• "The Quantum Enigma (Kingdom of Heaven Part II)" popularized by Epica is a response to "Kingdom of Heaven"
  • Eels 2018 single "Bone Dry" is an answer to their 2010 single "Fresh Blood".[33] Fresh Blood was itself a sequel to their song "I Want to Protect You".[34]
  • "Paper Doll" (2013) by John Mayer is viewed as a response to Taylor Swift's "Dear John" (2010) and also mentions her song "22".[35]
  • In 2013, Kay One released his diss track "Nichts als die Wahrheit" against his former label mates Bushido and Shindy, as a response to Shindy's song "Alkoholisierte Pädophile", making fun of Kay One and his stepfather Olliwood. Bushido in return released the 11 minute storytelling diss track "Leben und Tod des Kenneth Glöckler", chronicling the rise and career of Kay One from his perspective, depicting him as an opportunist who only makes friends that get him further in the music business just to drop them when he finds someone more prestigious. One year later, Kay One released the 25 minute response song "Tag des jüngsten Gerichts", depicting his career from his own point of view, including attacks against many of his former friends on the way who turned their back on him, most prominently Bushido who he claims to have abused his power as a label boss and his ties to the Abou-Chaker clan to make Kay work lots for little money, as well as being a greedy man who rips off his fellow collaborators as well as his own fans. Numerous of the rappers mentioned in the song released their own diss tracks against Kay One as a response, however they received less media coverage and attention than those of Kay One and Bushido.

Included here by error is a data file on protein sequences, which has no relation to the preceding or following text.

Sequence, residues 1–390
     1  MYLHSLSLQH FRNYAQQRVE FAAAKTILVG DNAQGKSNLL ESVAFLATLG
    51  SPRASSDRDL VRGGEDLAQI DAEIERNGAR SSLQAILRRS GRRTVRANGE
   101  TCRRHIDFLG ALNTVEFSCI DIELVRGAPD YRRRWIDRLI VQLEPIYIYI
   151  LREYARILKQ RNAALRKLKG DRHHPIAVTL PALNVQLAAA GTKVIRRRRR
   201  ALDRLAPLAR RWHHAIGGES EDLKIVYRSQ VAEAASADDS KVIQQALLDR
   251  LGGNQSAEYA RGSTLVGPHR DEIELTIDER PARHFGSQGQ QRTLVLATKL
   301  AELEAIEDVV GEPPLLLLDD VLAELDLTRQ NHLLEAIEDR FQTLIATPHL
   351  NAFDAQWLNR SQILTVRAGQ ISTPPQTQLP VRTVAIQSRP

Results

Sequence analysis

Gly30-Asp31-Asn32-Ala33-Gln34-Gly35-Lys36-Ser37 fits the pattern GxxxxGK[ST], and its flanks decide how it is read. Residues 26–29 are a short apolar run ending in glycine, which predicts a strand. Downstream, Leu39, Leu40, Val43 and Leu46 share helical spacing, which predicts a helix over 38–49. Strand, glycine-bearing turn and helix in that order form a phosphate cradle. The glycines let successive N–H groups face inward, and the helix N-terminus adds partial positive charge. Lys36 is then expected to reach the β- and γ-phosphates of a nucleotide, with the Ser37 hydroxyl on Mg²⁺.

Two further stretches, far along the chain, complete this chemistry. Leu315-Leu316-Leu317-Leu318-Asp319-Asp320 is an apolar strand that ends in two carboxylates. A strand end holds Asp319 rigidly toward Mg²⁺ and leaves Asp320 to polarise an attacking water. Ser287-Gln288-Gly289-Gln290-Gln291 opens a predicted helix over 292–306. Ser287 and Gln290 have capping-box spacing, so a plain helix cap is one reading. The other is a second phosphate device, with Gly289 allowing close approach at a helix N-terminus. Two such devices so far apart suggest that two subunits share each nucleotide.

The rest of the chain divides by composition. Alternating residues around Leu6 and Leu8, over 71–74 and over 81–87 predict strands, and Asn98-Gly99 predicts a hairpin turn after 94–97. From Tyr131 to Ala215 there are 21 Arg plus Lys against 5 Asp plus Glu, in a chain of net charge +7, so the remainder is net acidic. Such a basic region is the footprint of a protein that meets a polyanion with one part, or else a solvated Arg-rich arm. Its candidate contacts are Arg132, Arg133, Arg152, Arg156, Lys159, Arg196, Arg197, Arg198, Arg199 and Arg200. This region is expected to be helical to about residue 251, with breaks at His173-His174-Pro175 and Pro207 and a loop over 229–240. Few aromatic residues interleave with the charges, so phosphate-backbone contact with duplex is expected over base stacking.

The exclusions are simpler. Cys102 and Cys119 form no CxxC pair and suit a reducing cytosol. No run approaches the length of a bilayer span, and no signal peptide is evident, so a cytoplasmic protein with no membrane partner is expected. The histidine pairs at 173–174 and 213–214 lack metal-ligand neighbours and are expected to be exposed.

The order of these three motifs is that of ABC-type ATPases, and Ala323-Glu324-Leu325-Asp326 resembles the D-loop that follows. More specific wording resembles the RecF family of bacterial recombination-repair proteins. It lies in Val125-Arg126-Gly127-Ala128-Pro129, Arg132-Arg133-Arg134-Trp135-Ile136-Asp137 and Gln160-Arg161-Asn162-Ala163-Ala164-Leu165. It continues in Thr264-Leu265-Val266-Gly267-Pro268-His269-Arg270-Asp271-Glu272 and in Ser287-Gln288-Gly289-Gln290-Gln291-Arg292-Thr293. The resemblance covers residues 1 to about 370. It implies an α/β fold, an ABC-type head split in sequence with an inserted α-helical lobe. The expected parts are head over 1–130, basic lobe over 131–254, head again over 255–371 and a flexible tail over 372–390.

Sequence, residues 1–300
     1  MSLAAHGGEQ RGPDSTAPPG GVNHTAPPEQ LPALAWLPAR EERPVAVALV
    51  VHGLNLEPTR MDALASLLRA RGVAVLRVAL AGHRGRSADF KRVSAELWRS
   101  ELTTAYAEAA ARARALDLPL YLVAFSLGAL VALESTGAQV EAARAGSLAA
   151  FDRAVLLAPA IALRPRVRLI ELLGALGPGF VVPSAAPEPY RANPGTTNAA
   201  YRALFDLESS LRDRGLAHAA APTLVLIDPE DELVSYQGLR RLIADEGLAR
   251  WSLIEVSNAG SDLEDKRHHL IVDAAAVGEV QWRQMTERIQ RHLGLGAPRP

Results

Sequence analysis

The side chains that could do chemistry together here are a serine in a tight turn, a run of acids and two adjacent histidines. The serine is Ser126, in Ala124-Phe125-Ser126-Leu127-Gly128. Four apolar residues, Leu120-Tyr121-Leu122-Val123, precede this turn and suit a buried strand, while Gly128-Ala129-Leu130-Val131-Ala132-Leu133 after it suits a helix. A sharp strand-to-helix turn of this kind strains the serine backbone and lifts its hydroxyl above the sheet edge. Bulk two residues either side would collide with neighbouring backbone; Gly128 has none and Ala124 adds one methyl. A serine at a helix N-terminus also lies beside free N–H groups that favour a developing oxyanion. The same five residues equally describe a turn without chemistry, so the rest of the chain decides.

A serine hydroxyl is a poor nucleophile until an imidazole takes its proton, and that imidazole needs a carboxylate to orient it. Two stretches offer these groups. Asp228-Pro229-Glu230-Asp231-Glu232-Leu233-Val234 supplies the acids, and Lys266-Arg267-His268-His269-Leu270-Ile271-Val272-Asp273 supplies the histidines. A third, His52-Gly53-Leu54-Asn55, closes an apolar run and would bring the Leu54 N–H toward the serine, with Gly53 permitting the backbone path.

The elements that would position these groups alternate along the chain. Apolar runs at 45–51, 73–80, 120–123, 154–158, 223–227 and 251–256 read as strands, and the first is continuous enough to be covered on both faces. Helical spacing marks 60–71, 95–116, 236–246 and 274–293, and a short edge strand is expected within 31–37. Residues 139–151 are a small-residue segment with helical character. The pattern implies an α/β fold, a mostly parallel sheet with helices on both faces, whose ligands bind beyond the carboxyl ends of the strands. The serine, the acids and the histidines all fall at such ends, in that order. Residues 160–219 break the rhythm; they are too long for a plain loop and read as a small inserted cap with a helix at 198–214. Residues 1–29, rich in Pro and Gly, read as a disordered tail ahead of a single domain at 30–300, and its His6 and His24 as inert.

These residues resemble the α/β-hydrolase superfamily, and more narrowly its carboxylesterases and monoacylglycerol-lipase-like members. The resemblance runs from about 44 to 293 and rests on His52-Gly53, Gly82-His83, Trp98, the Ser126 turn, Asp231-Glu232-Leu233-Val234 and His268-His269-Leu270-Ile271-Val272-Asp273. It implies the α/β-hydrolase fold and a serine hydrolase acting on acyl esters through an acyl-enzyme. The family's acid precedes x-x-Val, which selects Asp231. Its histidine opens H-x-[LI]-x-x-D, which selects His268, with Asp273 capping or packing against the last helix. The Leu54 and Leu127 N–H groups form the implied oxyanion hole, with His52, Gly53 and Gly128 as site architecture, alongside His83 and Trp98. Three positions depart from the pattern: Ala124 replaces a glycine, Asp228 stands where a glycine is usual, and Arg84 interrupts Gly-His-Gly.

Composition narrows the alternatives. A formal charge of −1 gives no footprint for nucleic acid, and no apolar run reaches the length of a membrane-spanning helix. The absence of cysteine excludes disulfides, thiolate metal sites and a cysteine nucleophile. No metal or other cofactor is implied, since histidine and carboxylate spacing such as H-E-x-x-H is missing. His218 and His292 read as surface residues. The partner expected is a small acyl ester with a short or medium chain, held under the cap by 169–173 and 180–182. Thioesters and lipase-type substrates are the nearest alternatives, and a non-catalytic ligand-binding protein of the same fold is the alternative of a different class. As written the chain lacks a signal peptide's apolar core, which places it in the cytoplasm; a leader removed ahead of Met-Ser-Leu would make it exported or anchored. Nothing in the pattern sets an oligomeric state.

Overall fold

2020sEdit

  • Coheed and Cambria's 2020 song "Jessie's Girl 2" is a sequel to Rick Springfield's 1981 song "Jessie's Girl". Featuring Springfield himself on the track, the song imagines what would have happened had Springfield succeeded in winning Jessie's girl.[36]
  • Roselia's 2022 song "ROZEN HORIZON" is a sequel to their 2019 song "FIRE BIRD", according the mini-album's page.[37]

Diss tracksEdit

ReferencesEdit

  1. ^ Salem, James M. (2001). The late, great Johnny Ace and the transition from R & B to rock 'n' roll'. University of Illinois Press. ISBN 0-252-06969-2.
  2. ^ "sam phillips and the remix". Archived from the original on 2012-03-13.